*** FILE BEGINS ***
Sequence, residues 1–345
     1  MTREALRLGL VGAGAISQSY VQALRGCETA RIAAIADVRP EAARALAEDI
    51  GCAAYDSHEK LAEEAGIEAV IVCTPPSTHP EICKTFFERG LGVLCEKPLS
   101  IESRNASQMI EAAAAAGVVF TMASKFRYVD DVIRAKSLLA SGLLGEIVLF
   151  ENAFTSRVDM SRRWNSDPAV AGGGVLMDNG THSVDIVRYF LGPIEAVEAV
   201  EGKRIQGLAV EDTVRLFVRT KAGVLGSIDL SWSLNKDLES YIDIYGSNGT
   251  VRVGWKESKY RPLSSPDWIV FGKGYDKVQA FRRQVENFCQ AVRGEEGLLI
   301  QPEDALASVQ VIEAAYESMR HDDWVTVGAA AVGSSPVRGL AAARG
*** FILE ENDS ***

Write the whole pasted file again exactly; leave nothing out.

Sequence, residues 1–345
     1  MTREALRLGL VGAGAISQSY VQALRGCETA RIAAIADVRP EAARALAEDI
    51  GCAAYDSHEK LAEEAGIEAV IVCTPPSTHP EICKTFFERG LGVLCEKPLS
   101  IESRNASQMI EAAAAAGVVF TMASKFRYVD DVIRAKSLLA SGLLGEIVLF
   151  ENAFTSRVDM SRRWNSDPAV AGGGVLMDNG THSVDIVRYF LGPIEAVEAV
   201  EGKRIQGLAV EDTVRLFVRT KAGVLGSIDL SWSLNKDLES YIDIYGSNGT
   251  VRVGWKESKY RPLSSPDWIV FGKGYDKVQA FRRQVENFCQ AVRGEEGLLI
   301  QPEDALASVQ VIEAAYESMR HDDWVTVGAA AVGSSPVRGL AAARG